Well, it was about that time that EPA and I kind of parted company officially. Several lawsuits was brought by several environmental organizations against EPA and I am proud to say that I was instrumental in having these people sue EPA. A lot of information was leaked to the press about how EPA was dragging its feet on the regulations. As a result of the suits the Court ordered EPA to meet certain deadlines to get out regulations to regulate these facilities. In spite of that EPA missed all their deadlines. And they are still missing the deadlines. Many years, 5 or 6 years have elapsed and they are still in defiance of the Court.

    Landfill regulations were in fact proposed several times and then withdrawn by the Agency. They were withdrawn once by the Carter administration and they were withdrawn once by the Reagan administration. In fact EPA was so much in the pocket of industry that the propaganda that EPA started putting out is that hazardous waste landfills are okay, if only you people who live next to hazardous waste landfills would stop complaining about it -- it is everybody's problem. You all share in it. You all use the goods produced by these companies. You all wear the polyester pants. Therefore, you should all put up with the hazardous wastes and if you would only stop complaining the problem would go away. This is the most insidious kind of propaganda I have ever heard Basically they are saying that the victim is the problem. You know if only the Jews under Hitter had stopped complaining there would have been no Jewish problem in Germany. The problem would go away if you people would stop complaining. This was the basis of EPA's propaganda. Propaganda films were made -- bought and paid for with your money -- which basically tried to get this message across.

    Well EPA never has, even to this day, come out with regulations for hazardous waste landfills. Which brings me back to your point, Mr. Chairman, of that EPA report which said this is a good place for a hazardous waste landfill. Since EPA has never come out with any standards of what is or isn't a good site for a landfill, how can these gentlemen have possibly judged that this was a good place for one? There are no standards on which to judge it. EPA is still under the Court order to come out with those standards and they still haven't. Federal Judge Gisselle gave the EPA administrator a final deadline and the administration appealed it to a higher court -- so now it is in the Appellate Court. This has been going on for something like 5 or 6 years.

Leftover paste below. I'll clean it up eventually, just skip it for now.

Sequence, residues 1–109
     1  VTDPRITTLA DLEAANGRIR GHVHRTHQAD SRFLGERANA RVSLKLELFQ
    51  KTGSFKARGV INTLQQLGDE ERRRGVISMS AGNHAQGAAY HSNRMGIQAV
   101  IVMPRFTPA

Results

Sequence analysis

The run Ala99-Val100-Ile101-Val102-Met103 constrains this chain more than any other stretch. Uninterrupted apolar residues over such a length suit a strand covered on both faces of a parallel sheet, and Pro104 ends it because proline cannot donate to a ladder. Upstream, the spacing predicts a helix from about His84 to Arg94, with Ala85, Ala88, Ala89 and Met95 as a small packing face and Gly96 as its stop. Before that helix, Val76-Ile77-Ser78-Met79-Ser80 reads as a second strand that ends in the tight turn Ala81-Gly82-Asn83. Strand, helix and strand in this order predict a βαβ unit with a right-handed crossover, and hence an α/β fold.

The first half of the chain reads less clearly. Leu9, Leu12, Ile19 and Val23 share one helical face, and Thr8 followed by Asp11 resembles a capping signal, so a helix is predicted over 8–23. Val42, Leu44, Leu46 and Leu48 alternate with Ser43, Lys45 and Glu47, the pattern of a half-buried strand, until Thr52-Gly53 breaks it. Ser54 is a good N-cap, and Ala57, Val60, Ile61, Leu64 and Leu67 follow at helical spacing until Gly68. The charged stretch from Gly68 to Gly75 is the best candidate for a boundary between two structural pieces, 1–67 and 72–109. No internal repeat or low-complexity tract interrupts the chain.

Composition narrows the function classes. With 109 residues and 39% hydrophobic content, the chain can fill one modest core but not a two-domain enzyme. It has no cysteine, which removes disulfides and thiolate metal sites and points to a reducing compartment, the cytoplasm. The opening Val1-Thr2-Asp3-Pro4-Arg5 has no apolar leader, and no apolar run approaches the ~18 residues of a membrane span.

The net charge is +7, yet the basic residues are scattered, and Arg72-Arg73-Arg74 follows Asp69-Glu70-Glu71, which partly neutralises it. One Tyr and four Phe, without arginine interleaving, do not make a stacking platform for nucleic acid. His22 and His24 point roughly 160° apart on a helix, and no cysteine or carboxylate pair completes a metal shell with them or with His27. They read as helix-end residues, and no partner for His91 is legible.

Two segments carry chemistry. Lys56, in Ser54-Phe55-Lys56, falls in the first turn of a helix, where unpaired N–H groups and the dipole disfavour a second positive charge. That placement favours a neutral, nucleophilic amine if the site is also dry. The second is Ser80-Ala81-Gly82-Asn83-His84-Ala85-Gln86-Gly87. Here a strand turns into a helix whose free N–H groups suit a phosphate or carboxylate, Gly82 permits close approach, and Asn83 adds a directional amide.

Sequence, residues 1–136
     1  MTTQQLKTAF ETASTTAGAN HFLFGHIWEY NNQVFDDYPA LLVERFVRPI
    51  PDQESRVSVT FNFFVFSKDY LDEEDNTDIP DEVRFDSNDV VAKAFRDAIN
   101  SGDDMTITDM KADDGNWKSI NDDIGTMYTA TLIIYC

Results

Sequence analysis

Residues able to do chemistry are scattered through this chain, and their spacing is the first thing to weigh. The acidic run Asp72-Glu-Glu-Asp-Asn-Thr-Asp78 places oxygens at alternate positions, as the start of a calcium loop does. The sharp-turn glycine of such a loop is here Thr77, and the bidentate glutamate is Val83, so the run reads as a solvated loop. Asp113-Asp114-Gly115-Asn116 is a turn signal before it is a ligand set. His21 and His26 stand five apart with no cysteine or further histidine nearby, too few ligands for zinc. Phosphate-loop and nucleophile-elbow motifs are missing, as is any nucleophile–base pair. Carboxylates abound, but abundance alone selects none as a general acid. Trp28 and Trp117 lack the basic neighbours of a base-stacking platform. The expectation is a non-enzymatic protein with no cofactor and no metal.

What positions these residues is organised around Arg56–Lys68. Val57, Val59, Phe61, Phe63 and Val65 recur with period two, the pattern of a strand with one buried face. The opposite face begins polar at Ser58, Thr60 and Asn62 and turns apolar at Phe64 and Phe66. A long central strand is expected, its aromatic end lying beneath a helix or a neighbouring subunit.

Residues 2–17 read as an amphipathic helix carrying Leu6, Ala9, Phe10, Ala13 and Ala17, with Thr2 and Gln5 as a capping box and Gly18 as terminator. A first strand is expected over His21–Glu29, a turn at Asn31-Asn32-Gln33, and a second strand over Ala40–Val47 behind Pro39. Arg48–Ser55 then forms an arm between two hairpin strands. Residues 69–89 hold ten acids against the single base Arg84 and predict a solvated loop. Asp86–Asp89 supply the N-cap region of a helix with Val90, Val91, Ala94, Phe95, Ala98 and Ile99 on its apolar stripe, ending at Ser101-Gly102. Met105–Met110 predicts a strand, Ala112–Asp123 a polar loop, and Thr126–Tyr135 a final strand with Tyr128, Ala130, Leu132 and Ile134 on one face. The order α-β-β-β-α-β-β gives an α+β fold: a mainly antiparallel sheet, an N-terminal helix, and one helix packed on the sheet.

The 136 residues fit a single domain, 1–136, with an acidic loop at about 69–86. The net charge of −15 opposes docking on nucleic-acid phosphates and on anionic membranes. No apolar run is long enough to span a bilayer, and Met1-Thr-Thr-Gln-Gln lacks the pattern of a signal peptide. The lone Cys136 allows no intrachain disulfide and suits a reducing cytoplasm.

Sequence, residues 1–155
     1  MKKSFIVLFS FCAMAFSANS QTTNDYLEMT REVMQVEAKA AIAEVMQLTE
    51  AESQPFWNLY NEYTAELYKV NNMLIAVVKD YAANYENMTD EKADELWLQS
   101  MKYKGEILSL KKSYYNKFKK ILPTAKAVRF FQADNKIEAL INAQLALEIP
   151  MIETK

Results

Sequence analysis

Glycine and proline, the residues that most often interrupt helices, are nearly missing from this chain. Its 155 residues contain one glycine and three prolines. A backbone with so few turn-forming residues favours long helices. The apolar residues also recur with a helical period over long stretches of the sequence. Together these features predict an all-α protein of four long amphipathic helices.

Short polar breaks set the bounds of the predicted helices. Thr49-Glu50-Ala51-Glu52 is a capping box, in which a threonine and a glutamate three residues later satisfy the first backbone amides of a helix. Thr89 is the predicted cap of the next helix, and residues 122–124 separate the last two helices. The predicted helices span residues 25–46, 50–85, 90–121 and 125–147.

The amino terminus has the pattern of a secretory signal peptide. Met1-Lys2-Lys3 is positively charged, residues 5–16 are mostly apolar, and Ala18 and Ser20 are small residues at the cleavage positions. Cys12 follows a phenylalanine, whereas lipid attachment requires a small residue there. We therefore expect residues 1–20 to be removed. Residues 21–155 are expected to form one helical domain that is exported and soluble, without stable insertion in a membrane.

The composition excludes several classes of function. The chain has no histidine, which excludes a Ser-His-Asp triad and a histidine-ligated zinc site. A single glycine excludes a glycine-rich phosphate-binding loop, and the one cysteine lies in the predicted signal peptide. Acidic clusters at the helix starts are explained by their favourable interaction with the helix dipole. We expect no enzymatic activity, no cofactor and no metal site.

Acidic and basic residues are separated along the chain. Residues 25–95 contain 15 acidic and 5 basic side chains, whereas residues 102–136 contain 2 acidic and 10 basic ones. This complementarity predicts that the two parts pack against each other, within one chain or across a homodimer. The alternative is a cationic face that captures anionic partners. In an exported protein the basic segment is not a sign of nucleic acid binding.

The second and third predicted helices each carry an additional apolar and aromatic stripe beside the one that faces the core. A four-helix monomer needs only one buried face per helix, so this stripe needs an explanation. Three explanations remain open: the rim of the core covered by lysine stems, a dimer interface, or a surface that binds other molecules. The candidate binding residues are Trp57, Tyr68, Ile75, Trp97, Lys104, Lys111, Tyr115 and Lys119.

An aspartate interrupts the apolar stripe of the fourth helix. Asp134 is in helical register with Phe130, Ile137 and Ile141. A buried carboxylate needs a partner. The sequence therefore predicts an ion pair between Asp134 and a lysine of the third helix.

However, EPA has come out with standards for existing landfills like your Lancaster site. EPA does have standards for existing landfills and let me review for your benefit what those standards are or do or more to the point, what they do not do.

    First of all there are no standards against pollution. No standards against pollution. There is no amount of pollution either into the air or into the ground that this landfill can emit that violates any standard put out by EPA. To illustrate that point, you have heard. about all of the air pollution problems they have in Los Angeles County with all of the heavy industry they have there. Well, in fact the biggest single air polluter in Los Angeles County is a hazardous waste landfill. With very few exceptions I would venture to guess that every single hazardous waste landfill in America is polluting ground water. Our studies demonstrate that. We have made random selections of landfills and it is very hard to find one that isn't. So with the current standards, no amount of pollution that they put out is, illegal. In fact the conditions that brought about Love Canal -- the way the wastes were disposed of, the way the houses were allowed to be there -- those conditions are not illegal even today. In other words Love Canal is not illegal under EPA's regulations. Love Canal could have existed and passed every single EPA regulation. If you have a hazardous waste landfill it is not illegal, for example, if you have a well on it to put pure poison down that well and if you have a neighbor living 10 feet away who is drinking out of that well -- that is not illegal. And if you know you are poisoning his well and you are not telling him about it, that is not illegal. And if the neighbor dies from your poison, that is not a violation any EPA regulation!